From my colleagues among Israeli faculty, I hear strange tales about dealing with people who want to be your PhD students. It seems so many students are enthusiastic about doing a PhD (with theory faculty!), that hazing them becomes a good idea. As the stories go, you should tell your candidate students "Go read this paper, and come back once you've understood it."
The trick, of course, lies in your choice of the paper. If you ever want to do this to somebody who dreams of working in communication complexity, you might try this lower bound for lopsided set disjointness. The proof is straightforward to me, but it is fairly long and diverse, throwing all the tricks in the book at this problem. If you want to work in communication complexity, it makes sense to first reach the level where the proof is straightforward to you.
The story of set disjointness stretches back to the dawn of communication complexity. An optimal deterministic lower bound is easy to prove (see my earlier post). From what I understand, in the late 80's, proving a randomized lower bound was a major problem. The issue is that you cannot use independent distributions for Alice's and Bob's inputs, since two random sets will intersect with overwhelming probability.
A randomized lower bound was obtained in 1992 by [Kalyanasundaram, Schnitger] and by [Razborov]. The technique was explained in an information-theory view by [Bar-Yossef, Jayram, Kumar, Sivakumar], who also found new interesting applications.
The basic idea is to consider a distribution in which the two sets never intersect. Let the universe be split into n blocks. For each block, we will either choose Bob's element publicly, or choose Alice's element publicly. The other player gets a private random input that is different from the public choice, making the sets disjoint. Under this distribution, the blocks are independent. Thus, if the protocol communicates o(n) bits in total, I can find a block about which it communicates o(1) bits of information. I will now alter the distribution, making it independent on that block alone. The protocol is still the same, so it will have large error because it cannot spot the difference.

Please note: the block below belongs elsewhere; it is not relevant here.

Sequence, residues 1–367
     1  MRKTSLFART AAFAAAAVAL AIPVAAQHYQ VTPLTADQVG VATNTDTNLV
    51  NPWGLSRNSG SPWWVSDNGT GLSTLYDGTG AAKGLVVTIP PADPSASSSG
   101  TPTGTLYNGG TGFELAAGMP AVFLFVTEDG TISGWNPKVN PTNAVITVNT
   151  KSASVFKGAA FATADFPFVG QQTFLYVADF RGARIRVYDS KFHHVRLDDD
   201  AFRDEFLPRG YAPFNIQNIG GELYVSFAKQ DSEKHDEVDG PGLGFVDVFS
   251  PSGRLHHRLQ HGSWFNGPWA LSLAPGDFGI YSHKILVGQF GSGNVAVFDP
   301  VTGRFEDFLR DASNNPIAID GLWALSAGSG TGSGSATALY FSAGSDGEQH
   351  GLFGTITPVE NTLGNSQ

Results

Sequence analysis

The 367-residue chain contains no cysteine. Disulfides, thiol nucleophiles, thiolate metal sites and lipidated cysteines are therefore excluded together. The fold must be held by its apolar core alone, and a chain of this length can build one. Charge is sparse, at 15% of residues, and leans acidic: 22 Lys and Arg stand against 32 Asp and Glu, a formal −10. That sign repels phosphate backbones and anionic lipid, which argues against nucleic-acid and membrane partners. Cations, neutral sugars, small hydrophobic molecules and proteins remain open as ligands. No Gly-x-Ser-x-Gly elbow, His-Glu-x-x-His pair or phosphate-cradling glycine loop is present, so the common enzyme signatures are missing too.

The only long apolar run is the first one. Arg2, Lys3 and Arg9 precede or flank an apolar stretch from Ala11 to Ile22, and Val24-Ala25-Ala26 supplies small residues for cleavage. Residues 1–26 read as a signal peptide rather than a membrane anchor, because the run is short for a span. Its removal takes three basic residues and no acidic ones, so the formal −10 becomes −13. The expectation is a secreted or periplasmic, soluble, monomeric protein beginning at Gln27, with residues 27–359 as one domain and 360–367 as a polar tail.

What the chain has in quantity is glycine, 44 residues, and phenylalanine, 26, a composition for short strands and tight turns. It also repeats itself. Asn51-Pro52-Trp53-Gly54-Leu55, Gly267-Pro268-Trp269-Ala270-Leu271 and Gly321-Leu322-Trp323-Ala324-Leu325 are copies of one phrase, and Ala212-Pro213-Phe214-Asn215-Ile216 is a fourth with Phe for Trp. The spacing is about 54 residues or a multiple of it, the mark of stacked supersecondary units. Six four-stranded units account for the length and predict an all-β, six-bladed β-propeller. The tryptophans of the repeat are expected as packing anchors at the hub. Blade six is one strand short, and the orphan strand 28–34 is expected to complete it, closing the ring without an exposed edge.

In STOC'95, [Miltersen, Nisan, Safra, Wigderson] introduced asymmetric communication complexity (in which Alice and Bob have inputs of significantly different sizes), and showed how asymmetric lower bounds imply interesting data structure lower bounds. They proved an optimal deterministic lower bounds for asymmetric set disjointness, and left the randomized case as an "interesting" open problem. I suspect, however, that they simply did not have the time or motivation to work out how the previous techniques applied in the asymmetric case.
In my FOCS'06 paper with Alex Andoni and Piotr Indyk, we showed the first exciting application of lopsided set disjointness (LSD) to data structures: it implied that data structures with O(1) query time cannot solve (1+ε)-approximate nearest neighbor with less than n^Ω(1/ε2) space. This application only required a weaker version of an LSD lower bound, which could be proved with independent inputs given to Alice and Bob.
The really exciting development was my FOCS'08 paper, which showed that many interesting lower bounds could be obtained by just the right reductions from LSD. At this stage, I needed the optimal LSD lower bound --- so I just had to sit down and claim that the proof would appear in the journal version.
Ridden by guilt (and reminders from Jeff, acting as editor of the special issue), I had to finally write down the proof. Once you really, really understand the old symmetric technique, and you're confortable with the standard tricks from communication lower bounds, this proof is not too exciting. I'm glad to be done with it.